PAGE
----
In 1950, the Diner’s Club card became the first widely used store card after its founder, Frank McNamara, was inspired to leave his wallet at home while dining out. He and a partner, Ralph Schneider, launched the first Diner’s Club card, widely considered the birth of the modern credit card. Customers who had the card loaded their food on it and the restaurant sent the bill to Diner’s Club. In turn, Diner’s Club sent the payment directly to the restaurant’s bank, taking a small commission for the transaction. Cardholders would have to pay the entire bill each month to Diner’s Club.
In its first year of operation, Diner’s Club had more than 10,000 members and had 28 restaurants and two hotels that accepted its select clientele on a monthly basis.
Although McNamara’s story is well known, the truth is that the credit cards was not his invention. According to a working paper from the Philadelphia Federal Reserve, credit cards began to be issued in the first decade of the 20th century. Initially they were issued by gas station companies and department stores, but they were not very successful since they could only be used in specific geographical areas and establishments.
Indeed, the origin of credit cards can be found in 1914 when the Western Union company offered a card only to its most select customers. With it, not only could they enjoy preferential treatment, they also had a line of credit free of charge.
In the year 1924, the North American company General Petroleum Corporation launched its first credit card for the purchase of gasoline ONLY at its gas stations.
Similarly, in 1929 the company American Telephone & Telegraph (AT&T) issued the so-called Bell card, which was used to pay for its telephone services.
FIRST BANK CARDS
Although it started as a freight forwarding company, American Express ended up focusing on its money order and traveler’s check business, which offered a secure substitute for carrying large sums of cash. Over time, American Express developed its first credit card in 1958, which allowed customers to pay their bill monthly in exchange for an annual fee. Merchants that accepted the card paid American Express a percentage of the amount charged, a precursor to the practice widely used today known as interchange fees.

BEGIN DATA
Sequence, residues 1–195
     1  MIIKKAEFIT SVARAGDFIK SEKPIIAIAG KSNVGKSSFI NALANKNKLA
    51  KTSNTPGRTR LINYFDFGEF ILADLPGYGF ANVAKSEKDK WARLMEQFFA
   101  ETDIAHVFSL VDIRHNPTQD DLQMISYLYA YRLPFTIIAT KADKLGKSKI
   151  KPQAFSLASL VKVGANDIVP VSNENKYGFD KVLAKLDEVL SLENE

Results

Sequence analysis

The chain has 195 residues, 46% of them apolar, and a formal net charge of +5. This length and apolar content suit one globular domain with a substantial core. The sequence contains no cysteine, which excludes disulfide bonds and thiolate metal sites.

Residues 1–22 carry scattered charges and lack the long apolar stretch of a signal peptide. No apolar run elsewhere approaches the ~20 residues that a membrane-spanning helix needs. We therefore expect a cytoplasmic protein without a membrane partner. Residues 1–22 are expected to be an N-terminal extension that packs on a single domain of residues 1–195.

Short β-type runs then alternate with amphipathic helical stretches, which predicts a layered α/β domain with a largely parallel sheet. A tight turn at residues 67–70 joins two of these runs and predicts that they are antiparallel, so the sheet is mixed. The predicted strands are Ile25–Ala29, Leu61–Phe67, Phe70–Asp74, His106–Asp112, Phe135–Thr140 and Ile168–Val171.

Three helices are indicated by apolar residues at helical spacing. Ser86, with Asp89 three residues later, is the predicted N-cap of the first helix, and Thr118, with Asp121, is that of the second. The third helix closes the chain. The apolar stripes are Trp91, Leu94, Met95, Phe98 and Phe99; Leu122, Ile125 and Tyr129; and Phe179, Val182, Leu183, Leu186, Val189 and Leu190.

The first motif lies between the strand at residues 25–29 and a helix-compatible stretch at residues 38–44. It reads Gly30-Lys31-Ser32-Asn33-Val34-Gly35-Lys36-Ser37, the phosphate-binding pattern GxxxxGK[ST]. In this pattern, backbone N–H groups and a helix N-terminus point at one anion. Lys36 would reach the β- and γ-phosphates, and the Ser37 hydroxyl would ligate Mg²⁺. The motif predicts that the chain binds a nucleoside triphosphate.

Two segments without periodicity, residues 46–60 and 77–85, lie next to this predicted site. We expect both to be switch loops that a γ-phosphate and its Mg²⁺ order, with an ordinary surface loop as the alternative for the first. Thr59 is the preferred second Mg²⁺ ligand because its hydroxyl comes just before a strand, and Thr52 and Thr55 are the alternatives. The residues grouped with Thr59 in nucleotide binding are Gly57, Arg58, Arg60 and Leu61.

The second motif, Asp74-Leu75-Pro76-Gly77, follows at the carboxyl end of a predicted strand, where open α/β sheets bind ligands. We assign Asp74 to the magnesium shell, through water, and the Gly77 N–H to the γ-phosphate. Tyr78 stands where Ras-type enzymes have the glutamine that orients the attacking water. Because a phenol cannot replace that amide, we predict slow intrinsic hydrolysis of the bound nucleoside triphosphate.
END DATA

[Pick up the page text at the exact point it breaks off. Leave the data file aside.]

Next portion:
That same year, California-based Bank of America went a step further, issuing a paper BankAmericard card with a pre-approved limit of $300 to 60,000 Fresno customers, and extending the card statewide in 1966. This first The attempt turned out to be a costly error in judgment, with delinquency rates in excess of 20% and fraud rampant.
However, the concept of a revolving credit card with which you can carry a balance from month to month proved to be a success, as America’s growing middle class took a liking to this new financial product that offered convenience and an instant personal loan. . Later, in 1976, BankAmericard changed its name to “Visa”, a word that sounded the same in almost all languages.
THE FIRST INTERBANK CARDS APPEAR
In response to the success of the BankAmericard, in 1966 a group of California banks formed an association known as the Interbank Card Association (ITC) and launched the second most popular credit card, first called the Interbank Card and later changed to Master Charge. , which eventually became MasterCard in 1979.
THE CARDS BECOME INTERNATIONALIZED
According to Diners Club, in 1953, their card was the first internationally accepted charge card when merchants in the United Kingdom, Cuba, Canada and Mexico began accepting payments from Diners Club cardholders.
In 1970, BankAmericard was so successful that the International Bankcard Company (IBANCO) was created to introduce the payment card worldwide.